setting [rec] / Change folder [play]
(Macro, Infinity, Manual) [rec] / Resize photo [play]
Shot (more on this later) [rec]
(2 sec, 10 sec) [rec] / Delete photo [play]
above all those buttons, you can see the shutter release button,
with the power switch around it.
is one side of the camera, where all the I/O ports are found under
a sturdy plastic cover. Here you'll find:
(for optional serial connection and wired remote control)
onto the other side of the camera. The CompactFlash slot on the
QV-3500EX is probably the worst one I've seen in years. The plastic
door is hard to open and the card almost impossible to remove --
it's even hard to load!
is a Type II CompactFlash slot, so the IBM Microdrive is fully supported,
even the 1gb model.
the bottom of the camera. Down here you'll find the battery compartment,
as well as as tripod mount. I'm not 100% sure, but I think the tripod
mount is plastic.
the Casio QV-3500EX
QV-3500EX takes just about four seconds to extend the lens and prepare
for shooting. Focusing takes under a second in most circumstances.
Shot-to-shot speed is very good, with about a 2 second delay between
shots at Normal quality. If you use any of the Best Shot modes,
or longer exposure times (!), the shot-to-shot speed slows dramatically,
as the camera appears to be doing some kind of processing of the
the zoom lens responds quickly to the controls, the zoom action
itself is on the sluggish side.
an uncompressed TIFF file will take upwards of 40 seconds, though
the camera lets you cancel recording if you like.
Best Shot mode is one of the newest and coolest features of the
QV-3500EX (and all new Casio cameras). You can pick one of 64 "scenes"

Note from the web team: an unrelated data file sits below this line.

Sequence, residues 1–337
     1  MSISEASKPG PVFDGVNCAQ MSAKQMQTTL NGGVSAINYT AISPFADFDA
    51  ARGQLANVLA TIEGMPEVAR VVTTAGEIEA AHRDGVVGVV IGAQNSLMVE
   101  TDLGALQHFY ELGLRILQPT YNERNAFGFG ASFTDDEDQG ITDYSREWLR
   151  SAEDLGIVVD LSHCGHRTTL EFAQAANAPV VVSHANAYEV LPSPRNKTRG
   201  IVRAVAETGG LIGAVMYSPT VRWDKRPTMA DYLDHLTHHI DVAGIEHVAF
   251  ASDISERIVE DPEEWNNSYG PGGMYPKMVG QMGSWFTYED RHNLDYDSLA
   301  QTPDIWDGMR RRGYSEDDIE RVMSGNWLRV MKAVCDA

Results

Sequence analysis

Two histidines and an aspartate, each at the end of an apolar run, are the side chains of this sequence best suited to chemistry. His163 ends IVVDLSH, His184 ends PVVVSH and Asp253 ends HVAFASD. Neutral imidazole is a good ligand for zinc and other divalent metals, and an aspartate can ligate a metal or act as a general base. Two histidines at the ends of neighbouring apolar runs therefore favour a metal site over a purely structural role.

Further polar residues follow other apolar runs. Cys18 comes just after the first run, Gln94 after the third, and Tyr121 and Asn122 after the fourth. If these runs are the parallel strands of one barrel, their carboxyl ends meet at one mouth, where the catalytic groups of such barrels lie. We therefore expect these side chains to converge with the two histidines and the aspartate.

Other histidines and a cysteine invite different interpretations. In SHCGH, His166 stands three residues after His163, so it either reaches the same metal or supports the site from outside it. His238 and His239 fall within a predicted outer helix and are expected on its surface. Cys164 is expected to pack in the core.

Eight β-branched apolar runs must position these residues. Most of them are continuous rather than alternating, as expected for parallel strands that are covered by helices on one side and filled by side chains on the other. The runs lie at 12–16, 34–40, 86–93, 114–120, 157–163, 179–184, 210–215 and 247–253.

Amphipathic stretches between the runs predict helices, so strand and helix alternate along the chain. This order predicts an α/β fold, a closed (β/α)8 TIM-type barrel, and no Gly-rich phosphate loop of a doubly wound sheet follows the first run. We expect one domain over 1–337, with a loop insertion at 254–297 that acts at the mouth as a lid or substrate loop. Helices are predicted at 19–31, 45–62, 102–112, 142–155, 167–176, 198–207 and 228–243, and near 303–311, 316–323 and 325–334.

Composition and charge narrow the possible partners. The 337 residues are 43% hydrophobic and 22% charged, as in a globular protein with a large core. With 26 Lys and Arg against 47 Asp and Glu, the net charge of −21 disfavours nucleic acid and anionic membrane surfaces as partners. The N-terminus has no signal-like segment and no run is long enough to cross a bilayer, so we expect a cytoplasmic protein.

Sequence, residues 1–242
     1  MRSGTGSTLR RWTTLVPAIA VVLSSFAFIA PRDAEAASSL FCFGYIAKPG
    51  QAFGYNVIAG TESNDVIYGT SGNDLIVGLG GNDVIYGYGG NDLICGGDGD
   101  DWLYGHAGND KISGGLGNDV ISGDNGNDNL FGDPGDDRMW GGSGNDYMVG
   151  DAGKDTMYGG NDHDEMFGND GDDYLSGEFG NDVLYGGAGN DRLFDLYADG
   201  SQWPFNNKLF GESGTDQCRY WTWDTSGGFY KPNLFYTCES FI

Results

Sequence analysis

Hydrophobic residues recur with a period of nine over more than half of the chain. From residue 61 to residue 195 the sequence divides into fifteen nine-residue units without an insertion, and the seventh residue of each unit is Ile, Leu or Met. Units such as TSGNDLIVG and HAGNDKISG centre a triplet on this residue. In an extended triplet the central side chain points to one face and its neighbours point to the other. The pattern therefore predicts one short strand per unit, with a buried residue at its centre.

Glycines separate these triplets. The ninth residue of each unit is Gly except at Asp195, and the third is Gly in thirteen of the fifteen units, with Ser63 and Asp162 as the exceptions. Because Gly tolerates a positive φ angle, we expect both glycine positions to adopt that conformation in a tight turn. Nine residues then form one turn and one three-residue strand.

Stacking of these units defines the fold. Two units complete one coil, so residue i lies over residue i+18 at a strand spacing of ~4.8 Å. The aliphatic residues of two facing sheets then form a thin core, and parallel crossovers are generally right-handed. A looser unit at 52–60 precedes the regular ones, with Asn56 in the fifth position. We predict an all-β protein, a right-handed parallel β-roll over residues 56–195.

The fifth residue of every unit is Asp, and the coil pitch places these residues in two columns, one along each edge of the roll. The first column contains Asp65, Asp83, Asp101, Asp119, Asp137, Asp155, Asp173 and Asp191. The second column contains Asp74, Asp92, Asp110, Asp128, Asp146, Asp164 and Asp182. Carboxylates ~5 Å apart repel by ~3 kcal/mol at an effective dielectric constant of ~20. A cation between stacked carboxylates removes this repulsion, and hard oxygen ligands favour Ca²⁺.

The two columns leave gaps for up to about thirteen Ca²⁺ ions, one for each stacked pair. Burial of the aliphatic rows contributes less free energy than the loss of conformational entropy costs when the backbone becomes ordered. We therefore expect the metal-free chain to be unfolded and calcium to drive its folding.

and the camera will pick the best settings for you! You can even
make your own scenes if you are so inclined.
are 28 scenes built into the camera, and there are 36 more on the
CD-ROM that you can put on the CompactFlash card and then use. Be
sure to lock those scene files first so they don't get erased if
you format the memory card!
are a selection of scenes available on the QV-3500EX:
love that last picture... I'd like to try my hand at that one myself!
let's take a look at the menu options available on the QV-3500.
Casio has fancy, animated menus on the surface, and more traditional
menus underneath. The top level choices are:
- goes to more menus
(Past) - more on these later
- assists you in taking panoramic shots
Function brings up the more traditional menu, with the following
Shooting (on/off) - captures 3 images at an interval of 0.5 sec
- see chart below
(ISO 100, 180, 300, 500)
(Black & White, Sepia, Red, Green, Blue)
Mode (Program, Aperture Priority, Shutter Priority, Full Manual)
- more below
(Multi, Center, Spot)
Balance (Auto, Daylight, Shade, Tungsten, Fluorescent, Manual)
(Off, Red, Green, Blue, Flesh Tones)
Intensity (Strong, Normal, Weak)
(Hard, Normal, Soft)
(High, Normal, Low)
(High, Normal, Low)
Zoom (Off, Auto, 2X, 4X)
various basic camera settings (date, etc.)
are four exposure modes, as I mentioned above. Here's a rundown:
Mode: camera picks best exposure settings
Priority: you pick aperture (F2, F2.3, F2.8, F4, F5.6, F8), camera
picks shutter speed
Priority: you pick shutter speed (60 sec - 1/1000 sec), camera
you pick both the shutter speed and aperture
here's that chart of the various resolution and quality options
I was promising, for both the standard and plus packs:
images on 16MB CF card
images on 340MB Microdrive
think the above chart says it all - the Microdrive rocks.
feature, not found in the menus, is the Focus Frame Location feature.
This lets you choose one of 9 areas on the LCD for the camera to
let's take a look at some sample photos.
took a lot of tinkering to get the QV-3500 to produce the image
above. They always came out too dark in Program mode, so I had to
take matters into my own hands. The shot above (I believe) had a
shutter speed of 1/4 sec. You can get as close as 6 cm (2.4")
in macro mode, at full wide-angle. You can NOT zoom all the way
to full telephoto in macro mode (two-thirds of the way).